Thanks to some flight delays on a recent trip, I ended up with an unplanned trip through Toronto Pearson airport. I needed to be in Montreal for work, and after my originally planned flights got messed up, was rebooked on Air Canada, connecting in Toronto. I’ve connected there several times, but transiting from the US to a Canadian destination was a new experience for me. I hold a NEXUS card, so I normally can get expedited security in Canadian airports. In this case, I didn’t.
What is ITD OSS?
My Montreal boarding pass said “ITD OSS” above the barcode. I wasn’t sure what that meant. It is actually 2 separate acronyms. “International to Domestic” and “One Stop Security”. OSS allows for passengers arriving into Canada from certain destinations to avoid being re-screened. This includes arrivals from the US, Japan, and most countries in Europe. OSS is available in many large Canadian airports, but in Toronto, only in Terminal 1 (primarily Star Alliance flights), and not Terminal 3.
My arrival into Toronto arrived at gate F91. Nearly the end of the F pier, and no jet bridge, so walking on the tarmac…in Toronto…in January. While annoying, at least I got some steps in. Unfortunately, no express travelator in the F pier for regional jets. Once in the transit area, there are various options, depending on destination. Arrivals head towards the customs hall, but passengers connecting to domestic or international flights follow signs to the appropriate gates. At Toronto T1, F gates are for flights to the US, E are international departures, and D gates are for Canada flights.
Connecting in Toronto to D (Domestic) gates at YYZ Terminal 1
I followed the signs to the D gates. Out of habit, I almost walked towards the customs hall, but figured it out, and found myself with no line in front of a few CBSA agents. Keep in mind, despite most Canada arrivals no longer requiring a customs form, there are no NEXUS or other kiosks at the International to Domestic customs area in Toronto, so all passengers must fill out customs forms. I’d like to think this would change, but I have no further information. All passengers must visit an agent. I can see this being a choke point in this process. In my case, there were 3 or 4 agents working and I had no wait. Not as fast as using NEXUS, and during a busy period, I can see there being a more significant wait.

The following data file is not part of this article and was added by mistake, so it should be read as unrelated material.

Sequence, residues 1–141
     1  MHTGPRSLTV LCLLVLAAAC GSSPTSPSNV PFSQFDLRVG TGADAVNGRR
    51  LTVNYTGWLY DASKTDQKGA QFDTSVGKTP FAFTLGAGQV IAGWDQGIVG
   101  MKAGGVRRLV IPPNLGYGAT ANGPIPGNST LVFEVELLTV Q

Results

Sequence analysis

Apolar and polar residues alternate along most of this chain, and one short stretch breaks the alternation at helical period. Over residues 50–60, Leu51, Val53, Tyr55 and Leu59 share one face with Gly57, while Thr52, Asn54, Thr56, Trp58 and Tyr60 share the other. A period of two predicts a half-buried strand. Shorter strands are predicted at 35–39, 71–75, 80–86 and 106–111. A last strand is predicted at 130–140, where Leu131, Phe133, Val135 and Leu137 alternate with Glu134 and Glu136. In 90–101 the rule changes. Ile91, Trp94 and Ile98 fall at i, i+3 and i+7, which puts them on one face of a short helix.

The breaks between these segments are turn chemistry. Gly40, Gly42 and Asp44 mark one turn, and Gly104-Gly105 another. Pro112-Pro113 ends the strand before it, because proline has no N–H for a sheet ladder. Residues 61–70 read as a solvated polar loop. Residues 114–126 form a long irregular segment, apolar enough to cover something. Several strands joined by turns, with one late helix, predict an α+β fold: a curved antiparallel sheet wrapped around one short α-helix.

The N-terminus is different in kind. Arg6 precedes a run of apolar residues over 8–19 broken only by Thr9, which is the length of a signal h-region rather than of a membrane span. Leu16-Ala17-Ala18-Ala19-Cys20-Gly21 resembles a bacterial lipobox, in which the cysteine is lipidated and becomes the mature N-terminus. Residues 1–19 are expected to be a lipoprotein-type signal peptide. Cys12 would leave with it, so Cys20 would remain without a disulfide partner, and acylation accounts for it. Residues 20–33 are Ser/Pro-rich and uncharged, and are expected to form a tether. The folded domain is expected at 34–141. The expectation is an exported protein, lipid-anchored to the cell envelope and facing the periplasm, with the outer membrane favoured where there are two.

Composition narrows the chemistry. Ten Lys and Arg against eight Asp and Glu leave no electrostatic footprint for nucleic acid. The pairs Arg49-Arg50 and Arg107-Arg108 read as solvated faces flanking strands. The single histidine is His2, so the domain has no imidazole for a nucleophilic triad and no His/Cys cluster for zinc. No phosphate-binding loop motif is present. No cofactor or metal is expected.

Here is the process for US to Canada connections on Air Canada:
Please ensure your Canada Customs Declaration Card is completed prior to deplaning.
You do not need to claim your checked baggage.
- Follow purple signage for Connections and D Gates
- Proceed as directed through Canada Customs
- Turn right and take escalator down to bus bay
- Board bus to domestic gates
- Proceed to your departure gate
A long walk, to a connections area, through customs, and then a bus isn’t particularly efficient, but when I passed through, it wasn’t busy, and things mostly went fast. I even had time to visit the Maple Leaf Lounge (though this link is to the lounge serving international gates, not domestic) before heading to my gate.
This process has changed from the last time I had a connection like this. The One Stop Security is quick and easy, and certainly an improvement. The combination of only a few agents, and no kiosks seems like a potential choke point at Canada’s busiest airport. Have you used the OSS at Toronto Pearson? What was your experience?